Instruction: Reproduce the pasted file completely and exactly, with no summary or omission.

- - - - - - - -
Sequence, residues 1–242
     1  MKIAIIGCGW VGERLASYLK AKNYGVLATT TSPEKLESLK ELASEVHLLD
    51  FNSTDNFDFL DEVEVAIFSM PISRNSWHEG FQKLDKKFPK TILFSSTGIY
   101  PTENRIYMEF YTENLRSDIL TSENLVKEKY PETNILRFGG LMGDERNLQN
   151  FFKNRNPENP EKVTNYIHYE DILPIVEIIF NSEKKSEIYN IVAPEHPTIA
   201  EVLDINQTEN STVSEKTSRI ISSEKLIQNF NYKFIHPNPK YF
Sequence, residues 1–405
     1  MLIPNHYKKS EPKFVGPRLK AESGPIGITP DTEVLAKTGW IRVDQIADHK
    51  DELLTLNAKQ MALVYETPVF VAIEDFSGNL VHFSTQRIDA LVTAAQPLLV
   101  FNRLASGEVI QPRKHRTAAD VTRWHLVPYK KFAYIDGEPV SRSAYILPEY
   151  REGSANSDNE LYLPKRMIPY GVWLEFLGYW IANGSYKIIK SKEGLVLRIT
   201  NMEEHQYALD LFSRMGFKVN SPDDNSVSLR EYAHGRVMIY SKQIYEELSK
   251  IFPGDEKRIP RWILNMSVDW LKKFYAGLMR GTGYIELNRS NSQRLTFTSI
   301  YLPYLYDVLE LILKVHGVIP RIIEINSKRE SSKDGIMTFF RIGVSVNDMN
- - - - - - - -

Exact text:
Sequence, residues 1–242
     1  MKIAIIGCGW VGERLASYLK AKNYGVLATT TSPEKLESLK ELASEVHLLD
    51  FNSTDNFDFL DEVEVAIFSM PISRNSWHEG FQKLDKKFPK TILFSSTGIY
   101  PTENRIYMEF YTENLRSDIL TSENLVKEKY PETNILRFGG LMGDERNLQN
   151  FFKNRNPENP EKVTNYIHYE DILPIVEIIF NSEKKSEIYN IVAPEHPTIA
   201  EVLDINQTEN STVSEKTSRI ISSEKLIQNF NYKFIHPNPK YF
Sequence, residues 1–405
     1  MLIPNHYKKS EPKFVGPRLK AESGPIGITP DTEVLAKTGW IRVDQIADHK
    51  DELLTLNAKQ MALVYETPVF VAIEDFSGNL VHFSTQRIDA LVTAAQPLLV
   101  FNRLASGEVI QPRKHRTAAD VTRWHLVPYK KFAYIDGEPV SRSAYILPEY
   151  REGSANSDNE LYLPKRMIPY GVWLEFLGYW IANGSYKIIK SKEGLVLRIT
   201  NMEEHQYALD LFSRMGFKVN SPDDNSVSLR EYAHGRVMIY SKQIYEELSK
   251  IFPGDEKRIP RWILNMSVDW LKKFYAGLMR GTGYIELNRS NSQRLTFTSI
   301  YLPYLYDVLE LILKVHGVIP RIIEINSKRE SSKDGIMTFF RIGVSVNDMN